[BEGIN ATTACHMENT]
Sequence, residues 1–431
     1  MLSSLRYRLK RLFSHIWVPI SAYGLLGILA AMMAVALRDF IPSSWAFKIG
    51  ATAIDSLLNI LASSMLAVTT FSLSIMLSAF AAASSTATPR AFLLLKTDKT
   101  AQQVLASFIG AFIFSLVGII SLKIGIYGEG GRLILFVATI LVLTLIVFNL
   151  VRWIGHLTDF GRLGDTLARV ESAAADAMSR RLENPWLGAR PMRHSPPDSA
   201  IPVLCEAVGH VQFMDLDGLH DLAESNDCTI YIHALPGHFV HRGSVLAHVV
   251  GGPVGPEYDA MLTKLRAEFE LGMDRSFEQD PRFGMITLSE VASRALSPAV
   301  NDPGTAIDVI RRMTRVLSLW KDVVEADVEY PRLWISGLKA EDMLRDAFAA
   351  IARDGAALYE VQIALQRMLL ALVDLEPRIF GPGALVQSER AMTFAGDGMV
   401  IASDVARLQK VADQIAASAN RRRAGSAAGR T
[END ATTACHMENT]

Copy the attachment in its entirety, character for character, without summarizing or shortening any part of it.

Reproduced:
Sequence, residues 1–431
     1  MLSSLRYRLK RLFSHIWVPI SAYGLLGILA AMMAVALRDF IPSSWAFKIG
    51  ATAIDSLLNI LASSMLAVTT FSLSIMLSAF AAASSTATPR AFLLLKTDKT
   101  AQQVLASFIG AFIFSLVGII SLKIGIYGEG GRLILFVATI LVLTLIVFNL
   151  VRWIGHLTDF GRLGDTLARV ESAAADAMSR RLENPWLGAR PMRHSPPDSA
   201  IPVLCEAVGH VQFMDLDGLH DLAESNDCTI YIHALPGHFV HRGSVLAHVV
   251  GGPVGPEYDA MLTKLRAEFE LGMDRSFEQD PRFGMITLSE VASRALSPAV
   301  NDPGTAIDVI RRMTRVLSLW KDVVEADVEY PRLWISGLKA EDMLRDAFAA
   351  IARDGAALYE VQIALQRMLL ALVDLEPRIF GPGALVQSER AMTFAGDGMV
   401  IASDVARLQK VADQIAASAN RRRAGSAAGR T